I feel sorry for people who cannot ride a bike (or Catrike) far enough to enjoy a ride like this.  I feel even sorrier for people too lazy to even get out in their car, roll down the windows and drive this route.  It is truly spectacular this year.  The Bluebonnets, Paint Brushes, Phlox, Wine Cups, and 6 or 7 varieties of yellow flowers are really making a show in 2012.

There are several other places to see the wildflowers online,

A cycling blog post with pictures on most of the route shown above , but two weeks earlier can be seen (click here) , or…

Pictures from a couple of weeks back on TX29 between Burnet and the Inks Lake Bridge  are also online (yup… click)

Really great wildflowers and floodwaters pictures taken on March 19 by Jim Baines.


Cycling – New friends met through the blog

A couple of weeks back, I received a comment on the blog from a woman in Wisconsin.  A google search about cycling in this area had led her to my humble blog.  She and her husband were coming to a family reunion in the our area in a few days and wanted to do some cycling while here.  Beth Peterson and her husband Pat are avid tandem bike riders and go to tandem rallies all over the country when they can get away.  The reunion they were coming for was going to be based at The Heart of Texas Resort, located on the upper reaches of Lake LBJ, just below the Inks Lake Dam and Fishery and about 1/2 mile from the Hoover Valley Store on Park Road 4.  I put out the word to The Hillybikers and we quickly pulled together a small group to do a 40+ mile tour around the area with Pat and Beth.

Cycling, Llano County, Burnet County, Park Road 4, Inks Lake, Llano Slab

Route for the October 14th ride with Pat and Beth Peterson from Wisconsin

On Friday, October 14th, we all met at The Hoover Valley Country Store on Park Road 4.  Park Road 4 is a serious favorite road for me.  It runs south from TX29 on the eastern slopes of the pink granite ridge that sits to the east of Inks Lake.  Going south in very hilly terrain PR4 skirts the lake, providing great views, a couple of which are “take my breath away” beautiful. Often, when riding early in the morning, we see  a lot of wild-life such as deer, turkeys, red-tail hawks, osprey, foxes, raccoons, and even the occasional skunk.   In the spring and fall, if there have been any rains, there are wildflowers that can be very showy.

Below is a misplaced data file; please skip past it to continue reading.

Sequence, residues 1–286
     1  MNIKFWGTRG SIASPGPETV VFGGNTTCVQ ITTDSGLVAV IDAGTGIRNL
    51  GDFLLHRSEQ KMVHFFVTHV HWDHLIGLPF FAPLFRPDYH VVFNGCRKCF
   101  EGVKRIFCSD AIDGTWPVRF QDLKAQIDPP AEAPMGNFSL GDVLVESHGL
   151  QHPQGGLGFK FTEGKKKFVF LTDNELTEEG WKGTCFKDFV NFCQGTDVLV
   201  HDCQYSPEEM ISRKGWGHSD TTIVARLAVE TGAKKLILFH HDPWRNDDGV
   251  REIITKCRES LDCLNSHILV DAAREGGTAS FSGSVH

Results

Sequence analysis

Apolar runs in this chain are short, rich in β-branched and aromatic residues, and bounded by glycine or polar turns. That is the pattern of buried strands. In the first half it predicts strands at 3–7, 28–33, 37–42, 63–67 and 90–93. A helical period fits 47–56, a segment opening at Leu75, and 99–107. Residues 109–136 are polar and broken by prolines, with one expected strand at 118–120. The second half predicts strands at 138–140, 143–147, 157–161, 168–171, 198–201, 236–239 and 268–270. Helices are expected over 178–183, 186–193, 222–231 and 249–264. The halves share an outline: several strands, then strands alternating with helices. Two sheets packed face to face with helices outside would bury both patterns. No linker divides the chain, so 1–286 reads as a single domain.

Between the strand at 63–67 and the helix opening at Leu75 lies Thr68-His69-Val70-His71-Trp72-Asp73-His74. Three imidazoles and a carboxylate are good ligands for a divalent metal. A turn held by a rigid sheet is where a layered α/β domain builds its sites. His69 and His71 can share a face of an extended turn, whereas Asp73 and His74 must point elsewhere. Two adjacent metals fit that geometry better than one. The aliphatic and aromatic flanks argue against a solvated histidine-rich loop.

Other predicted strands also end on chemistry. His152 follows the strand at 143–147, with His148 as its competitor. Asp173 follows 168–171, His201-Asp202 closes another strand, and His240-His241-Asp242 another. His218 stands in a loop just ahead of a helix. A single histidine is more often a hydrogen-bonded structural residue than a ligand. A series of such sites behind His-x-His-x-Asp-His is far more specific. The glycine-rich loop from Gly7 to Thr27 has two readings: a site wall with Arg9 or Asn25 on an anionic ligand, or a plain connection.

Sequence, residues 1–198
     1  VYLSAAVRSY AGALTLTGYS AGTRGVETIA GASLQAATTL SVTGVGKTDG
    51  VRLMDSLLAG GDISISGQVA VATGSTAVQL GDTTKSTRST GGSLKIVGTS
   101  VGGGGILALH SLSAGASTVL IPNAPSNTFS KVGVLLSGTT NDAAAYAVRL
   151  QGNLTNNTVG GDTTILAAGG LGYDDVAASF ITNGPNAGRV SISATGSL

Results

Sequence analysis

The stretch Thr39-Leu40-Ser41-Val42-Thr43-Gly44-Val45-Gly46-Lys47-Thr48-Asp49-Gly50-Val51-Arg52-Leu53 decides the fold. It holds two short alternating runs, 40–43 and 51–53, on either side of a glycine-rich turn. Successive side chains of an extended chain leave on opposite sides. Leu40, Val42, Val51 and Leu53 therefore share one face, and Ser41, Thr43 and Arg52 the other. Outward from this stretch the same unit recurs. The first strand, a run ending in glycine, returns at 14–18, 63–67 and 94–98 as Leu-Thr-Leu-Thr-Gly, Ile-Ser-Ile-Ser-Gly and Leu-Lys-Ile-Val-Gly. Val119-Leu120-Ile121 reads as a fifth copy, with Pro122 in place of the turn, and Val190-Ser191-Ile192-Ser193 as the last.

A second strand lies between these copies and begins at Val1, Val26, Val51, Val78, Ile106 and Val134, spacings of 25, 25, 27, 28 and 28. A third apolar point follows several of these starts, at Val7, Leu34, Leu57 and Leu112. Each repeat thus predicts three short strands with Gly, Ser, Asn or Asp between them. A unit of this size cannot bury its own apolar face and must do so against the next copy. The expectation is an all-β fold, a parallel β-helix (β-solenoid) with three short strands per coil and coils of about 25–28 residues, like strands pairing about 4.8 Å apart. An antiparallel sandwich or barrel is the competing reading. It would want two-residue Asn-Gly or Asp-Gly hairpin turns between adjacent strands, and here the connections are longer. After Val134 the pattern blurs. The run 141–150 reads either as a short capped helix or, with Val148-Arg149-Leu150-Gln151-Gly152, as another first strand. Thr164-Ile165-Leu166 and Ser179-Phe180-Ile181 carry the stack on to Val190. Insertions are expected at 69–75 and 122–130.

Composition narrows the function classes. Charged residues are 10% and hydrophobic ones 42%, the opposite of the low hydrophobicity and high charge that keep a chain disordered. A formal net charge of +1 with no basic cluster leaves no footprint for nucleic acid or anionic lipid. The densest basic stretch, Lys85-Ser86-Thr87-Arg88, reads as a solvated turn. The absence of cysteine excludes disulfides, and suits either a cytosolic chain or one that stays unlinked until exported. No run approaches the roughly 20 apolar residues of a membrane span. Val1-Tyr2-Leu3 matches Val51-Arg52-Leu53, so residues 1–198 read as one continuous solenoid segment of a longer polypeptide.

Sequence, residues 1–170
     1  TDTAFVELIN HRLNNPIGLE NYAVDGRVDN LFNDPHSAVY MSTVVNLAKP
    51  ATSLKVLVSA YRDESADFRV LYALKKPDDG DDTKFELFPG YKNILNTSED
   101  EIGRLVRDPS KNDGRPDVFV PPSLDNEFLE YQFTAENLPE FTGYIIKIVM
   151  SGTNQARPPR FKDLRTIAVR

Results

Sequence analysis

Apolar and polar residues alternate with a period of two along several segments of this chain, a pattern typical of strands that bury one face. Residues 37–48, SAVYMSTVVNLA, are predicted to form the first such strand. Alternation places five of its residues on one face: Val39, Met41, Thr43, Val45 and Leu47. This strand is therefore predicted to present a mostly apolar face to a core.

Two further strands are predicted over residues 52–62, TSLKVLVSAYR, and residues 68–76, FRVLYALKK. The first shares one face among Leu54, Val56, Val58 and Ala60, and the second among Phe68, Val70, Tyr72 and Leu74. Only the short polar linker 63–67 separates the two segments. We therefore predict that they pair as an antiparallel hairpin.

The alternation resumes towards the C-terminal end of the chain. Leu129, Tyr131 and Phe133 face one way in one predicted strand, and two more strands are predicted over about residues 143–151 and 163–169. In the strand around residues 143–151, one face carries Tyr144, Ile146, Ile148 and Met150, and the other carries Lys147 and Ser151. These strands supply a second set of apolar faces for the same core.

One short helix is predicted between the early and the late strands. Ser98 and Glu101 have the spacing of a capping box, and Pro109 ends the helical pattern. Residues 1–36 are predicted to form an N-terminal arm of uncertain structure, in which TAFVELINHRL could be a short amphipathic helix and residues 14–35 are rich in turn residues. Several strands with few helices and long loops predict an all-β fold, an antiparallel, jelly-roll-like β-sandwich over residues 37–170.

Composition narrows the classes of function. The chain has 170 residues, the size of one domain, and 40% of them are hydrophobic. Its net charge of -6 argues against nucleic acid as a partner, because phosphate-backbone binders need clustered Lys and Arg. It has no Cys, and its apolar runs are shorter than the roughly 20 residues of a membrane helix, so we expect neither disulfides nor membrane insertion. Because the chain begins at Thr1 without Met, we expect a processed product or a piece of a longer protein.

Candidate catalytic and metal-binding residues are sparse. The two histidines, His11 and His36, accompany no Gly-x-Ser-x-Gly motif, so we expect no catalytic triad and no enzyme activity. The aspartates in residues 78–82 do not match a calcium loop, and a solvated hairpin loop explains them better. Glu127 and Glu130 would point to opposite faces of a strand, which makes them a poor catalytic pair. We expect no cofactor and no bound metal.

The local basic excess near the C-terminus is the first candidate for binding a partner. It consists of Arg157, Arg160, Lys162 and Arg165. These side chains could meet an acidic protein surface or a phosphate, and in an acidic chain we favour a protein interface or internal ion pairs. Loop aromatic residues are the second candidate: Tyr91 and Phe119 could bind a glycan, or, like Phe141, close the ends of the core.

Cycling, Gwen Peterson, Pat Peterson, John Chalmers, Doug Miller, Don Bynum, Inks Lake, Kingsland TX, Hoover Valley Store

Start at the Hoover Valley Store, head south on PR4/FM2342 to FM1431

From the store we headed south on PR4 to its intersection with FM2342.  We bore right onto Fm2342 and carried on to the southwest to FM1431, across 1431 from Spykes BBQ (worth a visit if you are in the area and need to treat a protein deficiency… very good BBQ).

We turned right onto FM1431 across from Spykes BBQ, wandered through part of Kingsland then joined River Oaks Drive and eventually left on Slab Road to the Llano Slab before heading on west to TX 71 where we turned around and headed back toward the slab.

But, it was early, so we had to fore-go a visit to Spykes.  We turned right (north on 1431) and crossed the Colorado River arm of Lake LBJ then about a half mile north we turned off into a maze of local surface streets that wandered through the “Llanorado” area of Kingsland until we came to RR2900.

There we crossed 2900 and joined up with River Oaks Drive, which rolls along beside the Llano River arm of Lake LBJ for a few miles.  Eventually we made it to Llano Slab Road (AKA FM3404) and turned west.  Just after joining 3404 we descended to the Llano River where the road crosses at a geologic formation known as The Llano Slab.

In this area the river flows directly on a bed of the pink granite bedrock for which the area is well-known.  Due to recent rains we were treated to the sights and sounds of the water swirling and undulating across the width of the slab (around 70 yards across at that point).   I did not get any pictures, but Beth was snapping furiously away as we pedaled our way across the low water bridge.  About 2/3 of the way across we stopped and let our visitors enjoy the sights and sounds.  Being from Wisconsin they are not strangers to running rivers, but I sensed that they somehow also picked up on the reverence and awe that most Texans feel for that particular river.  If Beth sends me any of those pictures I will post them in this report as an update.

Rolling on west from The Slab we joined Llano County Road 307.  We cruised through hilly green (thanks to recent rains!) ranch land and through “pecan bottoms.”  Pat and Beth saw large stands of mature pecan (pronounced “puhh-con” in the civilized world, never, ever say “pea-can”) trees and herds of grazing cattle, including a calf that stood in rapt attention as the tandem cranked past it… all the while Beth was balanced precariously on the back seat shooting pictures like crazy. The one moment she did not have the camera up and ready to shoot, a road runner dashed out into the road ahead of them and across and off into the nearby brush.